Training to improve your freediving

Traditionally, diving (more specifically scuba diving) has been known as a bit of a “lazy mans” sport. Although fitness greatly helps your bottom time and general experience diving, many divers have traditionally gotten away with just not needing to, the common consensus that there is a full tank of air on their back.

But the fresh sport of freediving is bringing a new generation of diver, and in turn changing the traditional concept of diving. With the only tank of air you have being your lungs, fitness has never affected diving more. Hence, freedivers are turning to various forms of training in an effort to really improve their performance.

So how do you train for freediving?

Freediving is a new sport, and exercise science is continually being developed. A good place to start is to look at the training methods some of the worlds best competitive freedivers. Here is a few forms of training used by freedivers in preparation for competition. Combined, this is a balanced training program for any aspiring freedivers.

 

 

HIIT Training.

High Intensity Interval Training or HIIT Training is a discipline which consists of short periods of high intensity training, followed by a lower intensity exercise, repeated continually until failure.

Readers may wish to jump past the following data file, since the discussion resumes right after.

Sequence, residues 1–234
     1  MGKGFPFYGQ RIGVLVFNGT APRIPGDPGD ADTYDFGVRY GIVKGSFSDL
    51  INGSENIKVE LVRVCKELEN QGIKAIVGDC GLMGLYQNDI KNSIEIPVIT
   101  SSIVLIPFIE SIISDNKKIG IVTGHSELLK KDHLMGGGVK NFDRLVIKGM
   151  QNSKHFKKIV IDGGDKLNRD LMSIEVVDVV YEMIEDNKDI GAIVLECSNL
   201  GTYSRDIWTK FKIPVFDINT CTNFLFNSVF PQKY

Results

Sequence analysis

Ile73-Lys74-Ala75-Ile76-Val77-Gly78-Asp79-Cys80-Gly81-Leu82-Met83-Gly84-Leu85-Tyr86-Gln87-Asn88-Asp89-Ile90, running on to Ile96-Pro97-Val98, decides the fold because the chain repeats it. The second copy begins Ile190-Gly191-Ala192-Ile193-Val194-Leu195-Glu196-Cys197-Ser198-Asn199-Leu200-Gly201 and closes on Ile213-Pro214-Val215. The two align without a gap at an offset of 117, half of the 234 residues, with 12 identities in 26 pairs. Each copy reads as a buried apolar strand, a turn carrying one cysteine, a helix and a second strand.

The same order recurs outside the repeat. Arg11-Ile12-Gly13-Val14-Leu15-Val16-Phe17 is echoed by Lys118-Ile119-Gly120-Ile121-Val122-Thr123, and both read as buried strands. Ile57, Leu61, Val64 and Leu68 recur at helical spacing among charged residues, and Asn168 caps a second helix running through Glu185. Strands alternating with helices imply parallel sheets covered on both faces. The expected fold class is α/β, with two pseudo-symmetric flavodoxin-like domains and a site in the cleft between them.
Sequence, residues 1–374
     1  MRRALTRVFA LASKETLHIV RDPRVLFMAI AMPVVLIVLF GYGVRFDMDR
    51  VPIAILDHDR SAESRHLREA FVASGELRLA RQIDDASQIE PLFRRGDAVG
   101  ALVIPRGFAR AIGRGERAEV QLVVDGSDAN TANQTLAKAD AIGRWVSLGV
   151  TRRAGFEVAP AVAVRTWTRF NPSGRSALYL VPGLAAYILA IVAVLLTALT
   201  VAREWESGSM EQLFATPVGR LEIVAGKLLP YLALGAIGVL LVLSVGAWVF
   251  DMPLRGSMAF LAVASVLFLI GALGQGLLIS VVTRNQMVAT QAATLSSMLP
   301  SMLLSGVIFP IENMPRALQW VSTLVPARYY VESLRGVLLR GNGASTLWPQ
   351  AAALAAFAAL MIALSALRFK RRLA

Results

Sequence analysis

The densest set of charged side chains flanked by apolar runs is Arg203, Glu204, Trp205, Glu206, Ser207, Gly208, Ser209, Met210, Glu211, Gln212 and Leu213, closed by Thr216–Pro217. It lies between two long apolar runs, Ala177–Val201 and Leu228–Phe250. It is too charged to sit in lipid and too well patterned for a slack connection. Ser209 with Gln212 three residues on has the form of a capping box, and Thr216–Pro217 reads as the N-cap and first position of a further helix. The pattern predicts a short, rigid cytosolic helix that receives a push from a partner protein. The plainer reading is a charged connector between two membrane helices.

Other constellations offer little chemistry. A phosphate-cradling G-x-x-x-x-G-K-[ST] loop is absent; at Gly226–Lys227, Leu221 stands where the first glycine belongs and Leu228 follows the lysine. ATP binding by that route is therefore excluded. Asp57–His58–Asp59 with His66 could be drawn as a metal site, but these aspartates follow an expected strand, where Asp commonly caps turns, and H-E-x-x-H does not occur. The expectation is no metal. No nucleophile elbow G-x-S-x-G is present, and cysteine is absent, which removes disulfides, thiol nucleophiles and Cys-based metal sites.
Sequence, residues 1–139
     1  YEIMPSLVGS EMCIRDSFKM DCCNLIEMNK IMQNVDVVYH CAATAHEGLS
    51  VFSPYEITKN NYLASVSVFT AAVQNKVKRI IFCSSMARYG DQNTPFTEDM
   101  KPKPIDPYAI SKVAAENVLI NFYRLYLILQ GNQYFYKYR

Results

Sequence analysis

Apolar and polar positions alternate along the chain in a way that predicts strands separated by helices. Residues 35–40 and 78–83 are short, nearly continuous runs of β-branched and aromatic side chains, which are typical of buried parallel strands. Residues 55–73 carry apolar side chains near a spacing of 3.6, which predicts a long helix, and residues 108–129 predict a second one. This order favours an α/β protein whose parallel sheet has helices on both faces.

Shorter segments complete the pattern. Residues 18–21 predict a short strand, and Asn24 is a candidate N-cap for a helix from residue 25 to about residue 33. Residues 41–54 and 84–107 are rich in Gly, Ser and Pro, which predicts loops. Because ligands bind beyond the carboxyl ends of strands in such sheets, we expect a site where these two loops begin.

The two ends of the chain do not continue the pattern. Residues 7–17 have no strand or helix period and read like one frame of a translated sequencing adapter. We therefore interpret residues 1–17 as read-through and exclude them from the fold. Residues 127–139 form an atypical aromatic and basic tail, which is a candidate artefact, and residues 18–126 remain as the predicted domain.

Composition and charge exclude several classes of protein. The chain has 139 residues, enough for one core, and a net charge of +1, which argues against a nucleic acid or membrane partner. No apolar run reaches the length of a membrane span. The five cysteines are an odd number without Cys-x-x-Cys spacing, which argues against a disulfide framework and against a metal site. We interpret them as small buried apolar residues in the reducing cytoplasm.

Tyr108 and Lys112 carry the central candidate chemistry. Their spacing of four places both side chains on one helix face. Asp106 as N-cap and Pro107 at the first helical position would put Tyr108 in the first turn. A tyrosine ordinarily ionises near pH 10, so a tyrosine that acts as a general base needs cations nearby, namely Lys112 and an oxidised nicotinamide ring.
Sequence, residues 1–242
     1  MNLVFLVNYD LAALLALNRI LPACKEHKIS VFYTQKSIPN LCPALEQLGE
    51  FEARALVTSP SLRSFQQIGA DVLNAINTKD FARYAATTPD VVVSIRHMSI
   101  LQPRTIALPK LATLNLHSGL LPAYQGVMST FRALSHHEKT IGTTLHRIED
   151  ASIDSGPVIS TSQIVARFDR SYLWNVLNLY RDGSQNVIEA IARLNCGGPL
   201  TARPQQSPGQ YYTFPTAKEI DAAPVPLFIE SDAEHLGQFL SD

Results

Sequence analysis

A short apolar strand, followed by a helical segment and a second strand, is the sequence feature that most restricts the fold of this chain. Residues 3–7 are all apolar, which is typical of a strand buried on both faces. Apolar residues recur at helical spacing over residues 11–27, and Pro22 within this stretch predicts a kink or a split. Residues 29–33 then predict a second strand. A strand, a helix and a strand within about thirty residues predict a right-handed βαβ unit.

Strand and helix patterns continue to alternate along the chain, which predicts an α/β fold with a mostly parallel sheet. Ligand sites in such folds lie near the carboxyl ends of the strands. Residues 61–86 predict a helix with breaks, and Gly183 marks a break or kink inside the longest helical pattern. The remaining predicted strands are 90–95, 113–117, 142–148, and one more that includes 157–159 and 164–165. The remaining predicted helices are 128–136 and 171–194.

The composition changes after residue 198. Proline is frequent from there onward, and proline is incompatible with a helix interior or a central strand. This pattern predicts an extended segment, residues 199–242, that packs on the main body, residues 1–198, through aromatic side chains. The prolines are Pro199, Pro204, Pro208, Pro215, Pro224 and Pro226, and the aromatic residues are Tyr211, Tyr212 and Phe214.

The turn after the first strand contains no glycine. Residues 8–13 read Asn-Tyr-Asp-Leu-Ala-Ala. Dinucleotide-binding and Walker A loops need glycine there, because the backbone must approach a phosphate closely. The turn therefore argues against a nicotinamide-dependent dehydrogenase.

Australian Record Holder and our favourite freediving instructor Adam Stern is all about HIIT training, specifically Crossfit. He uses his sessions to mimic the sort of endurance required when on his dives and uses HIIT sessions to do that. His main focus areas – Core, Legs / Glutes and Respiratory Muscles. You can read more about his training regime on his blog post here.

 

 

Yoga.

Many competitive freedivers use yoga disciplines to assist with their freediving training. Freediving requires inner discipline and calming of the mind. Hence using yoga techniques, freedivers learn to find inner calm, overcome fears and focus their thoughts on the task ahead. It also offers many benefits in the way of stretching, leading to increased flexibility and fluid movement in the water.

 

 

Pool training.

Freediving is an in-water sport, so therefore in water training is a must. Pool training sessions consisting of static holds and dynamic training help to increase your CO2 tolerance so you can safely dive longer without experiencing the urge to breathe. Adam Stern has a great blog post about getting started on pool training here.

 

 

Want to learn to freedive? We run freediving courses in Sydney on the Northern Beaches with Australian Record Holder and PADI Instructor Trainer Adam Stern. Click here for more information on our freediving courses.  

 

Image supplied by Suunto Dive.

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